We also feature Brittany Greenfield, the founder and CEO of Wabbi, an exciting company helping developers incorporate security processes into their existing workflows. In her episode, we also discuss the qualities of women that make them great leaders.

We also had a fun show with Sharon Goldberg, the cofounder and CEO of BastionZero and computer science professor at Boston University. I believe many women can relate to her anecdote from when she started her career, and the feeling of having to prove ourselves. 

“You always sort of assumed that no one was going to take you seriously and you were just going to show them… I’ll just show you, you’re underestimating me. Then you go off and do something really hard.”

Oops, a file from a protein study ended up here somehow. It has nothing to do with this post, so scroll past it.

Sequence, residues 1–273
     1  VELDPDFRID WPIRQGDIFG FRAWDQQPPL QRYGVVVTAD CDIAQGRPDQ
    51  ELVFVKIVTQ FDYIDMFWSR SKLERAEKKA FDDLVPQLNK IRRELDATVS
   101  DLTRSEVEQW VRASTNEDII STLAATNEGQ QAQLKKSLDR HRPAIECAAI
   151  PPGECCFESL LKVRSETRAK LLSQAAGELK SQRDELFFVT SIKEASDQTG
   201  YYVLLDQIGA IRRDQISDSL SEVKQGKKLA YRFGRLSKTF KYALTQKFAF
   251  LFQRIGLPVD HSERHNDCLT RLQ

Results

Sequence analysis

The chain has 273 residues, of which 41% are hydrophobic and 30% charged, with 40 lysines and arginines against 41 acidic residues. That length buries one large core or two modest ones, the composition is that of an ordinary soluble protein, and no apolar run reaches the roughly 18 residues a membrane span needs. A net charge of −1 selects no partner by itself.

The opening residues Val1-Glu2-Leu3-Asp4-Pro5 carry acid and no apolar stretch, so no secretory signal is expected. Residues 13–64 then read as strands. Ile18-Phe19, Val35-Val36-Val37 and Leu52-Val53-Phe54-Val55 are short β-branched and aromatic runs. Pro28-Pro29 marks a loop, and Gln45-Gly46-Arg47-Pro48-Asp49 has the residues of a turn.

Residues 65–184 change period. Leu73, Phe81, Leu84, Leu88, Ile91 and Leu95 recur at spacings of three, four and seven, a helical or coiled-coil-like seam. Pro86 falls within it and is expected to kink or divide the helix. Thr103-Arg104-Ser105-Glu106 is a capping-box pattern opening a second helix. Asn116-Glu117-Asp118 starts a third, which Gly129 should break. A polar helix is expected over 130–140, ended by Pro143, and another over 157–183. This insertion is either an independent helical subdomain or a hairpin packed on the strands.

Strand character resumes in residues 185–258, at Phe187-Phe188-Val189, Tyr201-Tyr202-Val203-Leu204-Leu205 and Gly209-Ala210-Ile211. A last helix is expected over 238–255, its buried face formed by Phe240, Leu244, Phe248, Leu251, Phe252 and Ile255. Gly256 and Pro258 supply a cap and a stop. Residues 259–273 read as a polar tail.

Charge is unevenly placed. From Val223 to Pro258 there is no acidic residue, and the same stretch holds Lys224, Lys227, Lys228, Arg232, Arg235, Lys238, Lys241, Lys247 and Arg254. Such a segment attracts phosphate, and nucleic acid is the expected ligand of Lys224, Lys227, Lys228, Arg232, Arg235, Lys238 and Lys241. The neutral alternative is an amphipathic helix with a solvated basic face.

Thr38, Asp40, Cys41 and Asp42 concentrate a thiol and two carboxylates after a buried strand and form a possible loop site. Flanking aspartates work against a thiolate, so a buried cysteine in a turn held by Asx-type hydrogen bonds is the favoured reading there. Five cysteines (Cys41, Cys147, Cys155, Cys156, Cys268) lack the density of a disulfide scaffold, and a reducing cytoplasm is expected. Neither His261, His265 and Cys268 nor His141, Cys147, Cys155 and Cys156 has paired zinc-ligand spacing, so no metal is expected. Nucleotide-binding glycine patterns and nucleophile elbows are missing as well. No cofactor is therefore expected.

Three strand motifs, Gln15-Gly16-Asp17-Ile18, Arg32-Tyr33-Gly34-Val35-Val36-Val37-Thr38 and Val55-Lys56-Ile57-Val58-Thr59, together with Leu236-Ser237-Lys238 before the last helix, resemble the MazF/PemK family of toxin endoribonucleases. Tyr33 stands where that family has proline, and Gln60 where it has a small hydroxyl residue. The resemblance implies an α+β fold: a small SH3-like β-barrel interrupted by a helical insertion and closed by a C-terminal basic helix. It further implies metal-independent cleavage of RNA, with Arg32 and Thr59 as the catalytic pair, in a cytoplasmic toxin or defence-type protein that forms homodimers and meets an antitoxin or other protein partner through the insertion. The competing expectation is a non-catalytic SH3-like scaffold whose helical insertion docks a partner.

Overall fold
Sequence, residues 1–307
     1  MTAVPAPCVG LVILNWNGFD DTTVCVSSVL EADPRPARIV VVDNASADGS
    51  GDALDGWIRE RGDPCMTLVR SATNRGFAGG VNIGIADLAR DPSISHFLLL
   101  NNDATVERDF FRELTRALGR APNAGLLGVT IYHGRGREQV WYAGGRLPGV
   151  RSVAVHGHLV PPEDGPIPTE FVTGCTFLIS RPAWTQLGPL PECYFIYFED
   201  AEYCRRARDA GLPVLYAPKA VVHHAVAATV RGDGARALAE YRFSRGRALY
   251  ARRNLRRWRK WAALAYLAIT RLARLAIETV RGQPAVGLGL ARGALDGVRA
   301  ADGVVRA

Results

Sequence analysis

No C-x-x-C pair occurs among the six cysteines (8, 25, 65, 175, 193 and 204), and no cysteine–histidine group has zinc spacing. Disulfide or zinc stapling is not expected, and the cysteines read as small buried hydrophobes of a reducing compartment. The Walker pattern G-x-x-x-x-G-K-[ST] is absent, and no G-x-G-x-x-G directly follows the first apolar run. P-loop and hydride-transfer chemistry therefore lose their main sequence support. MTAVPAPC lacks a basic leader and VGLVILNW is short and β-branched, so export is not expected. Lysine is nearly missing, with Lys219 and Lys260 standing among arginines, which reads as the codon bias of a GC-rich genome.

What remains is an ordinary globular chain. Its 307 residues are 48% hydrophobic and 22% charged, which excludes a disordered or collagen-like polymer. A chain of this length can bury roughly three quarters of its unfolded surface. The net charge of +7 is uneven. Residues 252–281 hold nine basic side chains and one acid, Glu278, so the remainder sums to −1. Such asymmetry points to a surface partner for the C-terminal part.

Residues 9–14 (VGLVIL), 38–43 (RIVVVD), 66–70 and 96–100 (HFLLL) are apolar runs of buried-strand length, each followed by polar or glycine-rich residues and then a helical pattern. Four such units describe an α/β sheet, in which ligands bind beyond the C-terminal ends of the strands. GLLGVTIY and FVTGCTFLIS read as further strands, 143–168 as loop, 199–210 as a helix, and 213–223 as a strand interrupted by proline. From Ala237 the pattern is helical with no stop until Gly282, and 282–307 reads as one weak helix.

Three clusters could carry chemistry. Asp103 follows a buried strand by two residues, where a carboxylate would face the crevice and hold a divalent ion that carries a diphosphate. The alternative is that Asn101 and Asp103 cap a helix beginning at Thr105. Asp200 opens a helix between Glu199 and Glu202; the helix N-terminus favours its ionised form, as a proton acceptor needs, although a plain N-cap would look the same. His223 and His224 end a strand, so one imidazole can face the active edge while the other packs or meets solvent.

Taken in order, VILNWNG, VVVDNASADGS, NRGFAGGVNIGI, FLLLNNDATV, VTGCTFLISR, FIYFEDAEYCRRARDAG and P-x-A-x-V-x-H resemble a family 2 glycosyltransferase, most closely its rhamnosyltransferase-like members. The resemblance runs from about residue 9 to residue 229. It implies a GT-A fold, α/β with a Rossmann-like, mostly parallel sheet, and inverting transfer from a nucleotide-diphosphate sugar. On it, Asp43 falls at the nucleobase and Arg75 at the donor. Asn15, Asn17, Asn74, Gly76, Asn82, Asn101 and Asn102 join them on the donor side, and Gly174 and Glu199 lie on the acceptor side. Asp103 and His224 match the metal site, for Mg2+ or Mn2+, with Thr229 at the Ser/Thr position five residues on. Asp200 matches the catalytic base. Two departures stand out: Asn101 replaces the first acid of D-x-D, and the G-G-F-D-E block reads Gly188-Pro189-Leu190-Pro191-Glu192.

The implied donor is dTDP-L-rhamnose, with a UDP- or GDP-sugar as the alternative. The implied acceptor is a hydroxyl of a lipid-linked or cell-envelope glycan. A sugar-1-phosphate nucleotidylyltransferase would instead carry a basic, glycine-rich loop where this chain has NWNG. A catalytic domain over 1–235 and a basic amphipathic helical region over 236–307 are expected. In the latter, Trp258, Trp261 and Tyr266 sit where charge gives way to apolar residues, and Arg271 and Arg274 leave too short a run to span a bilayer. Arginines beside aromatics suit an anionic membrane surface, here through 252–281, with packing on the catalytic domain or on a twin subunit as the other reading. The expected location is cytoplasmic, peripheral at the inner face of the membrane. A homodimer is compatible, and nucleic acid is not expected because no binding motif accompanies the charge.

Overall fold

Career Paths and Tips

One common thread from shows is that the women have followed their passions and interests for their careers, and we are all passionate about our work! Every episode is packed with insight, lessons learned and resources, but here are some other nuggets of advice from our shows.

  • Helen Patton, an experienced CISO who literally wrote the book on Navigating the Cybersecurity Career Path and is currently CISO for the Cisco Security Business Group, offered 3 key tips for not getting overwhelmed in our cybersecurity roles:
    • Take time intentionally to learn something new, with self-based learning.
    • Find mentors and a network as part of a security community.
    • Know when to say “no” to things so you can focus.